Bigger Isn't Always Better
Not the case in every instance, but frequently critical to torque, here's a pretty good rule of thumb. It can apply to just about any major engine component, including intake manifolds, headers, valve timing, intake/exhaust ports, carburetors, and other components that affect airflow into and out of an engine. Don't let an airflow bench fool you. More flow isn't always more power. Perhaps in many cases, but not always. There is not a one-to-one correspondence between increased flow volume and increased flow velocity.
Don't forget the burn Included among the steps to proper parts integration is the need for good combustion efficiency. Even good volumetric efficiency remains dependent upon an engine's ability to combust high percentages of air/fuel mixtures. Once again, Circle Track has previously contained numerous references to methods for accomplishing good combustion efficiency, so you may want to check out stories in earlier issues. In short, "good" combustion efficiency is characterized by low levels of brake specific fuel consumption (b.s.f.c.), crisp throttle response, on-track fuel efficiency, proper parts integration, and races won ... all else being equal.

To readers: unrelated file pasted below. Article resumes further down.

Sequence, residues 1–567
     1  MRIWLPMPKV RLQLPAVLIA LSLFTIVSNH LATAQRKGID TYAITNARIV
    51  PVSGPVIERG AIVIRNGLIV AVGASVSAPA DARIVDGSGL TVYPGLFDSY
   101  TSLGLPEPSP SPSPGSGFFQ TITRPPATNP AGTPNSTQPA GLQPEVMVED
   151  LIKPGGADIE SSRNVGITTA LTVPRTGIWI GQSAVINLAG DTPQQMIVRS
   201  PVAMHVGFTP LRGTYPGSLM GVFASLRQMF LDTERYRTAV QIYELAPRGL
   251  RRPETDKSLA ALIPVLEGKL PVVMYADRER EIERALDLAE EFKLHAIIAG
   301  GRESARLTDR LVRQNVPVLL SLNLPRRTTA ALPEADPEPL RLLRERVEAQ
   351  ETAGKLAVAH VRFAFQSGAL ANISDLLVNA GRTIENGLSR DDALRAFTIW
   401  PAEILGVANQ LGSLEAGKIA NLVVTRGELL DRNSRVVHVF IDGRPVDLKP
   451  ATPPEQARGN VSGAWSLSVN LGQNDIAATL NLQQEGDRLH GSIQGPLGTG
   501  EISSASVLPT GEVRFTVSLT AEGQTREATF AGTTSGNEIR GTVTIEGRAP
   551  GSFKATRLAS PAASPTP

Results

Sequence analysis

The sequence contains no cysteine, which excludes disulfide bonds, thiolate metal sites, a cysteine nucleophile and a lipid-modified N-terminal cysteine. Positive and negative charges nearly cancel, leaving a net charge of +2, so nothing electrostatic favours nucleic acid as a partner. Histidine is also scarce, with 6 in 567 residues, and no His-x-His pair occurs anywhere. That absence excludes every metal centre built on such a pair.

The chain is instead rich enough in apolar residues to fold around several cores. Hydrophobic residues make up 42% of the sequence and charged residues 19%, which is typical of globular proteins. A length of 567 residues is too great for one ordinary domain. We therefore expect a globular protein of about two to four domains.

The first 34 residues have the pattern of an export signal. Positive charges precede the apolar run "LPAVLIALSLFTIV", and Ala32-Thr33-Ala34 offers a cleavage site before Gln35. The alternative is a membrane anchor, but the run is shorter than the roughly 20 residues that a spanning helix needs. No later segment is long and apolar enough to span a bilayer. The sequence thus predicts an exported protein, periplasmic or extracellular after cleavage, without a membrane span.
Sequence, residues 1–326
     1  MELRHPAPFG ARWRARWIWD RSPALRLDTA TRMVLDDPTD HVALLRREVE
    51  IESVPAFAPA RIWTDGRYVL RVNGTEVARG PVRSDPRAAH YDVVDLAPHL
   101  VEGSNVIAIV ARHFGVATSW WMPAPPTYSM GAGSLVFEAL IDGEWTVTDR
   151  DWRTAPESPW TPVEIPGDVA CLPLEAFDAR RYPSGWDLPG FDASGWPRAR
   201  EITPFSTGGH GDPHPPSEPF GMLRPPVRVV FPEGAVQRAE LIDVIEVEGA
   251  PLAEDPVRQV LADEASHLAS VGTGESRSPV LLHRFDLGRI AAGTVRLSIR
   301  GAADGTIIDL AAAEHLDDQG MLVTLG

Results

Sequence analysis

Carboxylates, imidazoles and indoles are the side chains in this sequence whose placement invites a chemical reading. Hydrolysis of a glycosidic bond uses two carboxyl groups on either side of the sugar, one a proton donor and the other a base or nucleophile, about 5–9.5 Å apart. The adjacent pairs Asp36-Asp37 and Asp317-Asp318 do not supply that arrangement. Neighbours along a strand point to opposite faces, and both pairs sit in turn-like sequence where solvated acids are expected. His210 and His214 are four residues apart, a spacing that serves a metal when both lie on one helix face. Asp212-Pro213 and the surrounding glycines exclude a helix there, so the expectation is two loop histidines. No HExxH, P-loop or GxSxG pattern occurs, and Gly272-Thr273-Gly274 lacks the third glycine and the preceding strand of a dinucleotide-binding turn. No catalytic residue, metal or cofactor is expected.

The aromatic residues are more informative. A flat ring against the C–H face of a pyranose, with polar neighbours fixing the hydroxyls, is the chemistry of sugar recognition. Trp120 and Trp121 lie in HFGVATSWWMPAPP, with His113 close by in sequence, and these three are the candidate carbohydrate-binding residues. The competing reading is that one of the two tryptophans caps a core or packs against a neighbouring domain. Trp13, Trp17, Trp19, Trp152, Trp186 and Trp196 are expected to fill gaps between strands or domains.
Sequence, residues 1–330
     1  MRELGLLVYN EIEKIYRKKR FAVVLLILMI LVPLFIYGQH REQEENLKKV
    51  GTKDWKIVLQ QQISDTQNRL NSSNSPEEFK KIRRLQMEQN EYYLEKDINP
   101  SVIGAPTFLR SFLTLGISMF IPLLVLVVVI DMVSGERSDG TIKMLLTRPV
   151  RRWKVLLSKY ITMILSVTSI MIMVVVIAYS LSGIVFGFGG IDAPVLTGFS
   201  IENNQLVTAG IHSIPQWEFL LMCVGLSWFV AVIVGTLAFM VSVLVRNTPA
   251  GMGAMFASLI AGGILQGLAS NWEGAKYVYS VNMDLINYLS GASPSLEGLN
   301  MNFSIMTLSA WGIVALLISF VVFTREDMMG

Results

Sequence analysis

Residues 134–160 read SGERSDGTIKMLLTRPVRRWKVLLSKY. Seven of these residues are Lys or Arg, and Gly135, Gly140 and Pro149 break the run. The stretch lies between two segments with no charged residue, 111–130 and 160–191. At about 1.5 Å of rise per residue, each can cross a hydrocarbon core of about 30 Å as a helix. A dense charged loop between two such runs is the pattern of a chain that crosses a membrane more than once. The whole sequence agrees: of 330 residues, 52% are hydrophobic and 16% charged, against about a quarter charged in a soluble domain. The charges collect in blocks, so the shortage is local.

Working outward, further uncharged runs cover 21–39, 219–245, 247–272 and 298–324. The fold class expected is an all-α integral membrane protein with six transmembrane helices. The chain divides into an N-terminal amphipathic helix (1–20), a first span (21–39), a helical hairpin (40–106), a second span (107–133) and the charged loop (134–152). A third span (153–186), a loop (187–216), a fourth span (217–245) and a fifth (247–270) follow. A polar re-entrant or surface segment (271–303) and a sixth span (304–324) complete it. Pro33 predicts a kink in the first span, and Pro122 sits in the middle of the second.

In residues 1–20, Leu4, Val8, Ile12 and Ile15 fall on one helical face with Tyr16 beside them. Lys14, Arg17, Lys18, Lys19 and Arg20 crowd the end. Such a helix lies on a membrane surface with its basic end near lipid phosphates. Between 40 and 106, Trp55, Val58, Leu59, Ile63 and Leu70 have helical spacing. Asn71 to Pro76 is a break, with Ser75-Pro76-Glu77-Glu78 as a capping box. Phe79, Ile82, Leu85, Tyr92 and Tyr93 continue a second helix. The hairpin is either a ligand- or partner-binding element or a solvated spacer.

Jim McFarland is president of Autocom, an Austin, Texas-based company that consults on automotive issues throughout the automotive and motorsports industries.